LAS VEGAS - A University of Nevada, Reno professor says casino revenues in California could surpass those in Nevada by 2010 with the legalization of Las Vegas-style Indian casinos.
Quite simply, the March vote of California voters that legalized Las Vegas-style tribal gambling in the Golden State has created a ''scary proposition'' for Nevada's gambling interests, said Bill Eadington, a professor who specializes in the study of gambling.
As much as one third of Southern Nevada's customer base comes from Southern California and gamblers from Northern California frequent Reno-Tahoe casinos.
Eadington delivered his comments Wednesday during the second day of a four-day gambling conference at the MGM Grand Conference Center.
As lawyers and politicians sift through the meaning of California's Proposition 1A, they are attempting to determine whether the measure allows 43,000 slot machines in the state or as many as 113,000.
Eadington projects the difference could translate to a low of $5.1 billion in yearly casino win totals or as much as $10.3 billion.
That figure would be more than twice the $4.5 billion total reported by Las Vegas Strip casino operators last year.
Eadington said daily casino win per machine could be $250 in California. Daily win per machine measures the total retained by casinos from every dollar dropped into a slot machine after payouts to gamblers. It's a gross figure and does not include operating costs or other expenses.
The daily win total per Nevada machine was $102, Eadington said, citing a 1997 figure.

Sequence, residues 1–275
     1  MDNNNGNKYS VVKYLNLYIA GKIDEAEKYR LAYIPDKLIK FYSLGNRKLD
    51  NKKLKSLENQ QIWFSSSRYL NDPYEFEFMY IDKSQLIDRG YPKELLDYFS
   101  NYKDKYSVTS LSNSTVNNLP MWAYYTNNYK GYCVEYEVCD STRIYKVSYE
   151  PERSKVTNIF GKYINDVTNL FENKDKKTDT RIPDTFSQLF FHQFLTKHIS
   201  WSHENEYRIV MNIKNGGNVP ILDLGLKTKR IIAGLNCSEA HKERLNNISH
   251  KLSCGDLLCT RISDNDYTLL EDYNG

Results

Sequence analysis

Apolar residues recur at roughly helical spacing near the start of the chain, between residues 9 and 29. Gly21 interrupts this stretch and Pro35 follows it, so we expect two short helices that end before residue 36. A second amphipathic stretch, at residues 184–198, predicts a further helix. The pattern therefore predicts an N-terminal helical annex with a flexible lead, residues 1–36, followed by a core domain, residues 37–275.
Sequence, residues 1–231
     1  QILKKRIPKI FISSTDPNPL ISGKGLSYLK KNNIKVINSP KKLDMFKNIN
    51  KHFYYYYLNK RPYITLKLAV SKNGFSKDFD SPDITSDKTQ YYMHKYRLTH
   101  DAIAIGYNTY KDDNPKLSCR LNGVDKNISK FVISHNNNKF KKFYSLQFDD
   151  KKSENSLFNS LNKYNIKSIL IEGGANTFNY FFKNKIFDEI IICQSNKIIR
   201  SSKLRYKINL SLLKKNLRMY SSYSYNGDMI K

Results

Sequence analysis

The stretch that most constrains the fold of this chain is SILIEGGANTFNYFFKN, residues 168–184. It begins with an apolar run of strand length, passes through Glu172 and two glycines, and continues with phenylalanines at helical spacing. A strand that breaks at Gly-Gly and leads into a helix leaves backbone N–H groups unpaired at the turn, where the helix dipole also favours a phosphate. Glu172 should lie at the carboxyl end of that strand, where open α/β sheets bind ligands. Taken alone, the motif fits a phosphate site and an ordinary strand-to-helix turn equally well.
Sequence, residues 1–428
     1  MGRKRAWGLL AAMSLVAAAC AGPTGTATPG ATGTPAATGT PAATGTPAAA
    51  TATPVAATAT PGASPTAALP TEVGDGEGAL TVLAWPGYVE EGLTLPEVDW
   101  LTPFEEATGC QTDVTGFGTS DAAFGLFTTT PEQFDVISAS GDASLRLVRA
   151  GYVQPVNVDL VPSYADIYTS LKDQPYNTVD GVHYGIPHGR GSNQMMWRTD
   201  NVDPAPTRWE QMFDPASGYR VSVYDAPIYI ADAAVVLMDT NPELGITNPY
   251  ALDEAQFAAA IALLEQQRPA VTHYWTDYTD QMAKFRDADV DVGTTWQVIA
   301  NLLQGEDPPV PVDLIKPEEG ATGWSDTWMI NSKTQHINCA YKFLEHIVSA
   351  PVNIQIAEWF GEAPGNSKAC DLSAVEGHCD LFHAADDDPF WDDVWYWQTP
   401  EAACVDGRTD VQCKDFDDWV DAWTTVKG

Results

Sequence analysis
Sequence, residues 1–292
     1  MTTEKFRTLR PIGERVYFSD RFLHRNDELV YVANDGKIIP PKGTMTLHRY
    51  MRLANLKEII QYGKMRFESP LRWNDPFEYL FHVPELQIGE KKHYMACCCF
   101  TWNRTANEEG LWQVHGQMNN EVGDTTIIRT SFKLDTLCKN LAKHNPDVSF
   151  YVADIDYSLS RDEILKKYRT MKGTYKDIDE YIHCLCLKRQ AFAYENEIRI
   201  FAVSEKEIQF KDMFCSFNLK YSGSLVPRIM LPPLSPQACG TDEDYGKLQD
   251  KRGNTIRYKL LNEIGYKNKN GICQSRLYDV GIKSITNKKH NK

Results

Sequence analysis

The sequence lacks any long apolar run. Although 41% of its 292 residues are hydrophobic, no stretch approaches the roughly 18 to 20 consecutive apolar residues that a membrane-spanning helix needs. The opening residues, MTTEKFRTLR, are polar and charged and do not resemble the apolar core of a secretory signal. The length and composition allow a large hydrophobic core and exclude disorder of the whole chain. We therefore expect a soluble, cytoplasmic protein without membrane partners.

Meanwhile, the March vote will lead to the rapid transformation of the California casino market, Eadington argued, as tribal leaders suddenly have access to slot games offered by big-name manufacturers. The state's tribes can also hire casino executives who have worked in Nevada, New Jersey and other nontribal settings.
In the past, slot manufacturers and gambling executives were reluctant to work in California so long as the legal status of tribal gambling was unresolved.
Manufacturers and executives feared they could lose their gambling licenses in Nevada and New Jersey if they worked at the tribal properties.
The measure also will increase the flow of capital to California's 39 gaming tribes, a figure that could increase to as much as 100 in the coming years.
In recent months, Anchor Gaming, Trump Hotels, Station Casinos, Harrah's Entertainment and Henderson developer Mark Advent have all announced joint ventures with California tribes - moves Eadington characterized as the tip of the iceberg.
''My suspicion is there are probably 20 others in discussion,'' he said.